HomeThe MarketDriven: Back to pony car roots in a 1966 Ford Mustang convertible

Driven: Back to pony car roots in a 1966 Ford Mustang convertible


There are few things better than driving a classic car with the wind whipping through your hair, but it’s even better when you’re driving a 1966 Ford Mustang convertible.

Powered by a 289cid V8, the first-generation of Mustang is iconic. Pushed into existence by Lee Iaccoca, Ford’s pony car initiated a massive shift in the American automotive world.

Designed to be an affordable, compact, stylish car based on a performance-oriented image, the Mustang was a hit with buyers. In 1966, the convertible version outsold Chevrolet’s Impala by a nearly 2:1 ratio.

The ’66 is a first-generation Mustang that bears a strong resemblance to the original that debuted in ’64 (referred to as a ’64 1/2), but there are some tweaks: The ’66 has a slotted grille, different side ornamentation, wheel covers and gas cap. It also dropped the Falcon gauges. Once optional, round gauges became standard in 1966.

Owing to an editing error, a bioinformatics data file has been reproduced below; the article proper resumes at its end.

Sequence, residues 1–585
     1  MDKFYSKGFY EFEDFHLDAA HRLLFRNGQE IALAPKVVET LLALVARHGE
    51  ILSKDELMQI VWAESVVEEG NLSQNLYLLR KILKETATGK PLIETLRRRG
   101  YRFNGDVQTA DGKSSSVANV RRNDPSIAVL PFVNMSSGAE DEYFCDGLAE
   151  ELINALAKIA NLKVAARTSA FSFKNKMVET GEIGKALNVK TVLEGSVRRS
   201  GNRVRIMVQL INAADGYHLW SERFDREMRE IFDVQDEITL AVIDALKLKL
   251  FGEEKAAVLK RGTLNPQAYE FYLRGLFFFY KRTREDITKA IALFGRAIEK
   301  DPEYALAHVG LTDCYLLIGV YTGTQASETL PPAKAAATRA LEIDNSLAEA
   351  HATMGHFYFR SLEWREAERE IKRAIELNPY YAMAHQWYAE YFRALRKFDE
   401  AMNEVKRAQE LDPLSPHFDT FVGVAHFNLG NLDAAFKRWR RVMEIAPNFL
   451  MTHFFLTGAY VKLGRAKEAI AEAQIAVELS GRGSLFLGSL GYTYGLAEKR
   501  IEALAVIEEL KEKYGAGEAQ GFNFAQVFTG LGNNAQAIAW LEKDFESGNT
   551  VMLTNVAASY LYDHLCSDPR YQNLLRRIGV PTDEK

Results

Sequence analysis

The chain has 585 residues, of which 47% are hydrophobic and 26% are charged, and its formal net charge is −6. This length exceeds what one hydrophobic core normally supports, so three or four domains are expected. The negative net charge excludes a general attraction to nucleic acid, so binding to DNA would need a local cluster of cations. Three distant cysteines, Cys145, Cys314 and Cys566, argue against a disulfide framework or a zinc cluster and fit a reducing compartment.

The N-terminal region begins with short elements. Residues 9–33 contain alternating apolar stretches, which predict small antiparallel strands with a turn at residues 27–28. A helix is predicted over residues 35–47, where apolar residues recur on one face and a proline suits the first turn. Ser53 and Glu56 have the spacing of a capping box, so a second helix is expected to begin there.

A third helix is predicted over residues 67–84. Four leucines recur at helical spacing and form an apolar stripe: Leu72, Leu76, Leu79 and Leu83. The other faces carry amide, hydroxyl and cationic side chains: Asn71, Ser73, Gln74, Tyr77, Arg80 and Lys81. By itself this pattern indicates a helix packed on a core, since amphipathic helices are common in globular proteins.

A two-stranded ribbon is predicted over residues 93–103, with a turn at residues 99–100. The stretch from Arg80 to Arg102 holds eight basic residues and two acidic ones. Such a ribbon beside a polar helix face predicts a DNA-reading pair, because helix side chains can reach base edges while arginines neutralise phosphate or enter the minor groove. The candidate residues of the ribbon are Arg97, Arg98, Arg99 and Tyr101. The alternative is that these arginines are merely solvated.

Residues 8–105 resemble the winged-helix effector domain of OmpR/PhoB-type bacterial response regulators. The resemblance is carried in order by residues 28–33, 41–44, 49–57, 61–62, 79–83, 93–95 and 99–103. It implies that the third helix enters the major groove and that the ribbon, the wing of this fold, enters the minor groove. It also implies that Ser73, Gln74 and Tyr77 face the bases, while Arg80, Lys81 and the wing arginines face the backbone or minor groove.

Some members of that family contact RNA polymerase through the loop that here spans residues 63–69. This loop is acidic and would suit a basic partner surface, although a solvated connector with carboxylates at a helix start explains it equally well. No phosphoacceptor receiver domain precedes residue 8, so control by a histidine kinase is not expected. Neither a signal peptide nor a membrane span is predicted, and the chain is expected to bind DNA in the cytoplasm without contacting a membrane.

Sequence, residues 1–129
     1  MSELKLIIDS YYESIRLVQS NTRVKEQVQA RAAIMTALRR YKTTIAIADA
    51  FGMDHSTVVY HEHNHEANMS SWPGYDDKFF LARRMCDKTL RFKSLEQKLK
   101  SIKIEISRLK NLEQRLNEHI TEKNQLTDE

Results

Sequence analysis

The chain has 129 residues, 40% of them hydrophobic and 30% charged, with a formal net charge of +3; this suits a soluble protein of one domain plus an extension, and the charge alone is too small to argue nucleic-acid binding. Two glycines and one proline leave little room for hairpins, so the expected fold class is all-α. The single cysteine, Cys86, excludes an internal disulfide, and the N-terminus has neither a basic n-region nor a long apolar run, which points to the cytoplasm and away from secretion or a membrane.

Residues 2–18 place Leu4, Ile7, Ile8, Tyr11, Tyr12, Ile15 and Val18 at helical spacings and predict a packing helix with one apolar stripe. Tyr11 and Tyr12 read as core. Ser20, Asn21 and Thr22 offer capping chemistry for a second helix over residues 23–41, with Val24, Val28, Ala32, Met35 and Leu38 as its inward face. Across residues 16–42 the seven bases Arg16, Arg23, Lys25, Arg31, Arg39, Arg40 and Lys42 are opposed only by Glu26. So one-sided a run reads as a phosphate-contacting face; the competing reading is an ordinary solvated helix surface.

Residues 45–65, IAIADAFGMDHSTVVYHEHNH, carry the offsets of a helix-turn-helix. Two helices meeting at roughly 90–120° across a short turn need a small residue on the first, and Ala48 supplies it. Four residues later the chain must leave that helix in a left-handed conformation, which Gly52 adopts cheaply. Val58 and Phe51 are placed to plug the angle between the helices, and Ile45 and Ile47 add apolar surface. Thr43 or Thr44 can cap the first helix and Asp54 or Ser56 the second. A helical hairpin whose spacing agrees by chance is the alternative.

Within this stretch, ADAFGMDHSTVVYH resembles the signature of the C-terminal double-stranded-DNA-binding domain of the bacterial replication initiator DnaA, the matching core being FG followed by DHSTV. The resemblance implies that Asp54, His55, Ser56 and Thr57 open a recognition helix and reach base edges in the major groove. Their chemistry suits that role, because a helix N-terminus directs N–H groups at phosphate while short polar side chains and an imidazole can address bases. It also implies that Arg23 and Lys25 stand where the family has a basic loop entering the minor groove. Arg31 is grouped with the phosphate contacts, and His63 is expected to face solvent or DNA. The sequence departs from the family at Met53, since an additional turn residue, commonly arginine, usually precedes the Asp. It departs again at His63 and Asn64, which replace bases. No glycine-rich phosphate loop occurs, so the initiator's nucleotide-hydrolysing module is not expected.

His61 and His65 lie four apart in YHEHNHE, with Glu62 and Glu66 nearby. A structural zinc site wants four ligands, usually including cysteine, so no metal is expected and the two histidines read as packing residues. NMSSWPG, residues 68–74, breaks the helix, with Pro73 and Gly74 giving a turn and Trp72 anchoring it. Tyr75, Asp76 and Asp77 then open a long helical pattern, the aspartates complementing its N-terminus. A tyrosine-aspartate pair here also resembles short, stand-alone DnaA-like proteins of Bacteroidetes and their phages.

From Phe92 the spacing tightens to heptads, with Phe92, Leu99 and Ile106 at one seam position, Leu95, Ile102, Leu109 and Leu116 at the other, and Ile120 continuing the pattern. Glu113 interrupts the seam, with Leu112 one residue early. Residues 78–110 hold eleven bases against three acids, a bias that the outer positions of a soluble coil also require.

This particular Mustang borrowed from Classic Car Pal is a gorgeous driver example with about 69,000 miles on the odometer. The car wears its Emberglow paint job nicely and its Pony interior with leather-embossed seats is in great condition.

Though it has an aftermarket stereo designed to look vintage, Ford offered an optional AM/8-track in this model year and one of the first AM/FM mono car radios.

It may not be the most valuable 1966 Mustang out there — that honor belongs to the GT350 — but the convertible is certainly the most desirable. After driving one, it’s easy to see why.


    • Hahaha! That aftermarket stereo is NOT an 8-track stereo, it’s a cassette stereo. Sheesh! I feel old now! She probably doesn’t even know what a cassette and an 8 track was if she saw one. Almost 20 years ago I showed a "45" to our babysitter and asked her if she knew what it was, and she guessed it was an "antique CD." Pretty good guess! But, she had never seen a record and had no idea how it worked.

      • Yea, I have an after market Mustang vintage look radio/cassette player in 65 convertible. Asked all my friends if they had any 80’s cassettes they held onto that I could have. Not a single person I know had any. Time to upgrade again to a vintage Mustang radio with blue-tooth.


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